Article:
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We study an online multisource multisink queueing network control problem characterized with self-organizing network structure and self-organizing job routing. We decompose the self-organizing queueing network control problem into a series of interrelated Markov Decision Processes and construct a control decision model for them based on the coupled reinforcement learning (RL) architecture. To maximize the mean time averaged weighted throughput of the jobs through the network, we propose a reinforcement learning algorithm with time averaged reward to deal with the control decision model and obtain a control policy integrating the jobs routing selection strategy and the jobs sequencing strategy. Computational experiments verify the learning ability and the effectiveness of the proposed reinforcement learning algorithm applied in the investigated self-organizing network control problem.

Queueing network optimization problems widely exist in the fields of manufacturing, transportation, logistics, computer science, communication, healthcare [

Self-organizing networks are a kind of new queueing network system. In self-organizing networks, each station or node can establish a link with its adjacent stations or nodes, receive jobs from other stations or nodes, and transfer them to other stations or nodes. Due to the complex link relationship of stations or nodes, the paths and the sequence of the jobs to go through the network are very complicated. Consequently, the control problem of this kind of networks is very complicated. In literature, researchers concentrate on the control of multihop network, which is a kind of network with self-organizing characteristic. The research methods of multihop network control mainly include two categories. The first one is to decompose it into a series of single-station queueing problems or tandem queueing network problems [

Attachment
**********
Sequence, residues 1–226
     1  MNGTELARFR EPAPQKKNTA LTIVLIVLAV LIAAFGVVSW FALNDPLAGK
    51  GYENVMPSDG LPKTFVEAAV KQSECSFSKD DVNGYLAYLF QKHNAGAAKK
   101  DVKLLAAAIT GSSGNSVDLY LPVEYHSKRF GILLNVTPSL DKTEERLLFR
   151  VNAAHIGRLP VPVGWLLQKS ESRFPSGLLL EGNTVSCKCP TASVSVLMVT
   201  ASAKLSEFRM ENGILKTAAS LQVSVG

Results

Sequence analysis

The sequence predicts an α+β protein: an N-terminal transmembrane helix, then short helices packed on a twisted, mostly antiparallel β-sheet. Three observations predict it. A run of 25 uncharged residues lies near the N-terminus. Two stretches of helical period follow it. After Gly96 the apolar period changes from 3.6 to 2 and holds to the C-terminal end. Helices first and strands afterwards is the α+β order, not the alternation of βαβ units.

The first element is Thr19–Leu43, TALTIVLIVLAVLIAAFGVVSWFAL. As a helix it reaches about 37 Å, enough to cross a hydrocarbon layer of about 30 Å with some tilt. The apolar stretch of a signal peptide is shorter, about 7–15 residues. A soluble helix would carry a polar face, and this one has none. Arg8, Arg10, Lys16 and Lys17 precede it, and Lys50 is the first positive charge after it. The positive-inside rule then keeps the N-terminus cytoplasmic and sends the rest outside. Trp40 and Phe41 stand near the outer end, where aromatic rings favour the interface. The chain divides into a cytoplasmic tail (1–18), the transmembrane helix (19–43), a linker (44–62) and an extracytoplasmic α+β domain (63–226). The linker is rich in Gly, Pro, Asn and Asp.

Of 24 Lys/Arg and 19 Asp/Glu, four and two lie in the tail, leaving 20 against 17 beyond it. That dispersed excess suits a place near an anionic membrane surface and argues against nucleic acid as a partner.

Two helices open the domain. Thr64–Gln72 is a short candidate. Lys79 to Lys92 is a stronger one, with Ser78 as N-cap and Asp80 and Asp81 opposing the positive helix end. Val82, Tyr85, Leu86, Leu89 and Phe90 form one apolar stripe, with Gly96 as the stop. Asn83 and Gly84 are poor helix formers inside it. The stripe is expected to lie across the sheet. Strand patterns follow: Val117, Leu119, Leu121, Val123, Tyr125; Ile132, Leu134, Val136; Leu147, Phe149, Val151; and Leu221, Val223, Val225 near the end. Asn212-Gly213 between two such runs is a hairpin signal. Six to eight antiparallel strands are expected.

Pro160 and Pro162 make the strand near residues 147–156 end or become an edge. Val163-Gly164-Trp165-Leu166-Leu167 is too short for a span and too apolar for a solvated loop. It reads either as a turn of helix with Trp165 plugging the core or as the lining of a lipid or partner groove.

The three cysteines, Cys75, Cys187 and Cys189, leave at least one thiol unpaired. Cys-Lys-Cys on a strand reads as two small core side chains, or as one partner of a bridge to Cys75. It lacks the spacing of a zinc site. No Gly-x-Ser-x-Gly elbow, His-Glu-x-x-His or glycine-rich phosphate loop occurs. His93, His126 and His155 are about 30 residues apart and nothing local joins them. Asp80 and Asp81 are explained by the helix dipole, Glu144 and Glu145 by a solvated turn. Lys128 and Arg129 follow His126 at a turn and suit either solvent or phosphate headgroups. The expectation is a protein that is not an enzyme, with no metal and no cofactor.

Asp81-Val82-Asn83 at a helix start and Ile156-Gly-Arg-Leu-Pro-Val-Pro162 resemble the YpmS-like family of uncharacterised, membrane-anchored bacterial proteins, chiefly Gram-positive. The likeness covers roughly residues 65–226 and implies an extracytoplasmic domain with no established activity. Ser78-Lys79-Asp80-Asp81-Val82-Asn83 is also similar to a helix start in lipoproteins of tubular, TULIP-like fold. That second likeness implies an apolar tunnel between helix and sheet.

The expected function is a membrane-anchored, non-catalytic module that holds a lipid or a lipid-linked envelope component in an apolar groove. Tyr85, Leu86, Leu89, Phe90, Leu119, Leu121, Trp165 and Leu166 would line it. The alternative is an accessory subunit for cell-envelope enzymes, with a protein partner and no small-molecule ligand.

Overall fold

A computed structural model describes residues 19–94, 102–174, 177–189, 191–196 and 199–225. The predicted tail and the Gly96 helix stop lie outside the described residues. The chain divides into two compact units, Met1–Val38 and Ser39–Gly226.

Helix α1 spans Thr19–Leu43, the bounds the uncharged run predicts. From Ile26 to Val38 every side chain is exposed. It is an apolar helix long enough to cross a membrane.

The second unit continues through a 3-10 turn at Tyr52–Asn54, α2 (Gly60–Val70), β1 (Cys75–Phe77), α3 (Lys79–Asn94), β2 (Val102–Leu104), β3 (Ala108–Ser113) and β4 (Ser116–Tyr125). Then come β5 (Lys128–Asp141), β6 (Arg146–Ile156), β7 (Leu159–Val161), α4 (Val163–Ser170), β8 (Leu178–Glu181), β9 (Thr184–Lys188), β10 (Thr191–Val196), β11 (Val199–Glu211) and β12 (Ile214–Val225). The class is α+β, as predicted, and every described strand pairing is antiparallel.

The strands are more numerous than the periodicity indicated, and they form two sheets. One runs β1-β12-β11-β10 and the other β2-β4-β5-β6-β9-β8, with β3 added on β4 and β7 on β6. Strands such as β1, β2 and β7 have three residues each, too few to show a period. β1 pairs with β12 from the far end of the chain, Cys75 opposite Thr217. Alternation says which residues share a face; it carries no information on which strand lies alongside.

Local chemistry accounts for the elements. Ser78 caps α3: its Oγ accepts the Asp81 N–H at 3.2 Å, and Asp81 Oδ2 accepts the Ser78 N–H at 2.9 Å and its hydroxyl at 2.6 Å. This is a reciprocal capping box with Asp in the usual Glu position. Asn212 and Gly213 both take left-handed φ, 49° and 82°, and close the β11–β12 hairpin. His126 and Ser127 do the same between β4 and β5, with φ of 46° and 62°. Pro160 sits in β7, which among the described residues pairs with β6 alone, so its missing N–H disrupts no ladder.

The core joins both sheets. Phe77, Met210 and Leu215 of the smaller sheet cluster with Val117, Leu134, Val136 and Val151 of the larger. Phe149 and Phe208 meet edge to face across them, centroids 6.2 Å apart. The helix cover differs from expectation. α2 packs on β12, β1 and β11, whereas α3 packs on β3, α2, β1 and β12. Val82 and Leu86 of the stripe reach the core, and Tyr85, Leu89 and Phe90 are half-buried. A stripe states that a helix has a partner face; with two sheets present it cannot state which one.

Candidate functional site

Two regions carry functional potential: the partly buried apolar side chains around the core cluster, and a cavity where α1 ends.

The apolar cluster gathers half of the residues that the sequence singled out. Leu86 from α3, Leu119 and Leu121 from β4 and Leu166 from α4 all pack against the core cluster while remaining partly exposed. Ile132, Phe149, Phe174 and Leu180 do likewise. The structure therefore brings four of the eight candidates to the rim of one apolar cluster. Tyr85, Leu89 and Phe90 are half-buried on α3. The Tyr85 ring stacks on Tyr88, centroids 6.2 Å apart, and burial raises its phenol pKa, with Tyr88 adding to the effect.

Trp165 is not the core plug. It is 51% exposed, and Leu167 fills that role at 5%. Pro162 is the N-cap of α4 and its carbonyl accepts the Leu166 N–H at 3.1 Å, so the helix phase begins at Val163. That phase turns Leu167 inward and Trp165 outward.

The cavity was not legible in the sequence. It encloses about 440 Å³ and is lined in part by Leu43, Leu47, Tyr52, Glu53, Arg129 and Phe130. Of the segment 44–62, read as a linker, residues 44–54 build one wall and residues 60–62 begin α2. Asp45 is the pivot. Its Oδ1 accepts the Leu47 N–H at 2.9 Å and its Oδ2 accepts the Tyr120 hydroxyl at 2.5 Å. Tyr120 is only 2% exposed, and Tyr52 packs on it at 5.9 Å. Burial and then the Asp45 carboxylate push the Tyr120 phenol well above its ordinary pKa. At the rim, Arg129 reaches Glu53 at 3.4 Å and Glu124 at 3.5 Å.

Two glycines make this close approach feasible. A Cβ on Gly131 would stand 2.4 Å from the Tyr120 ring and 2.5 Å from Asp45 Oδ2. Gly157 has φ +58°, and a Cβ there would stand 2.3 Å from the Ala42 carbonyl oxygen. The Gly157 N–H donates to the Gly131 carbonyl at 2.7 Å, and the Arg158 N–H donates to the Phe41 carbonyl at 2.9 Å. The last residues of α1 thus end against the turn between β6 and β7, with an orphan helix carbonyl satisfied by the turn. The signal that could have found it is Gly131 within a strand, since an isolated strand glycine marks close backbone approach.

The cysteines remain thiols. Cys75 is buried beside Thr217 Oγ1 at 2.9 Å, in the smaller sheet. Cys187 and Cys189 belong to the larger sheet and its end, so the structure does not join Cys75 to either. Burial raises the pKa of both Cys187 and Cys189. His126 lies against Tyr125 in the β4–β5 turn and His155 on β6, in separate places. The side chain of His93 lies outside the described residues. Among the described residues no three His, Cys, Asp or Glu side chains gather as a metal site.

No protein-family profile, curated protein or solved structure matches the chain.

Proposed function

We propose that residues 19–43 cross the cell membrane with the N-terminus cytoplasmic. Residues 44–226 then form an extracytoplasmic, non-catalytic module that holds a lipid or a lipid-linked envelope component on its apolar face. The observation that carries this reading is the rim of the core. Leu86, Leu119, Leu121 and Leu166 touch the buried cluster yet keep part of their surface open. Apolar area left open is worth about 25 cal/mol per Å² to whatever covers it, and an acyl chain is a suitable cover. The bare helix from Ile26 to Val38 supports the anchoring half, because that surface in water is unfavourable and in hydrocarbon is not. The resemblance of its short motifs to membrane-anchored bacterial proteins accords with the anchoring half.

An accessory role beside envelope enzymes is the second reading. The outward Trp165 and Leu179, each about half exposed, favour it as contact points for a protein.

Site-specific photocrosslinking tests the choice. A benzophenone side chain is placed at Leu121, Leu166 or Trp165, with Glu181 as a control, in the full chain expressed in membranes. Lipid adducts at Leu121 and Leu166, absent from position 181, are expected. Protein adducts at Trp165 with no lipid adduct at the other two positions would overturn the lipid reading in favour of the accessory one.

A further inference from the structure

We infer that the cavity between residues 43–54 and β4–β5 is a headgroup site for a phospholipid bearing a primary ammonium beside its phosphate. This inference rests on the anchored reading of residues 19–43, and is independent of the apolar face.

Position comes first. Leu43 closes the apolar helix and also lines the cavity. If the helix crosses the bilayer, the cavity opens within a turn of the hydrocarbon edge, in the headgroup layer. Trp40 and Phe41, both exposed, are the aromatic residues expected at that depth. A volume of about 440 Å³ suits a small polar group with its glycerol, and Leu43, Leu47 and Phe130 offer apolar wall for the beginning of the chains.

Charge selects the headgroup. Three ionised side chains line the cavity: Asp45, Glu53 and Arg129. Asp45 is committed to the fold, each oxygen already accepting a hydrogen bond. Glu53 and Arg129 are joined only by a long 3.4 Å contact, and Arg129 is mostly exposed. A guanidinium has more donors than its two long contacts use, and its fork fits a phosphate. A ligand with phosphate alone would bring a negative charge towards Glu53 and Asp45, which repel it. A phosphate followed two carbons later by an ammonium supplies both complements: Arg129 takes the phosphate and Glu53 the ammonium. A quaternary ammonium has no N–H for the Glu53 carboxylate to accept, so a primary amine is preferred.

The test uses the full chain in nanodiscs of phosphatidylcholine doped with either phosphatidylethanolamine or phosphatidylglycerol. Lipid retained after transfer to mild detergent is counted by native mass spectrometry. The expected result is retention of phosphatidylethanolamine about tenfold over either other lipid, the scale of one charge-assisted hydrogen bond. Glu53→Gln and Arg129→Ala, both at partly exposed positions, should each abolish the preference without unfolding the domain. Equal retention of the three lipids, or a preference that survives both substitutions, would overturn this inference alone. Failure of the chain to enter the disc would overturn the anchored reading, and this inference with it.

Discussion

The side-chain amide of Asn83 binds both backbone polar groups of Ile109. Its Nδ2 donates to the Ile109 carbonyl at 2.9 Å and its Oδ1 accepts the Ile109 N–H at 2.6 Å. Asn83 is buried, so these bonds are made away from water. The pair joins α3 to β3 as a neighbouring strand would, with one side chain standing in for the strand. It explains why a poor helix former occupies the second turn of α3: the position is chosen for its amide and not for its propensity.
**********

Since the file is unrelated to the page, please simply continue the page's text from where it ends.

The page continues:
In this paper, we study an online multisource multisink queueing network control problem limited by the queue length. We consider the inherent self-organization characteristic of the queueing network problem, transform the problem into Markov Decision Processes (MDP), and then construct an RL system to deal with them. An optimized control strategy and a global optimized solution are obtained by the proposed RL system. The rest of this paper is organized as follows: we introduce the self-organizing queueing network control problem in Section

The online self-organizing network control problem concerned in this paper is described as follows. There are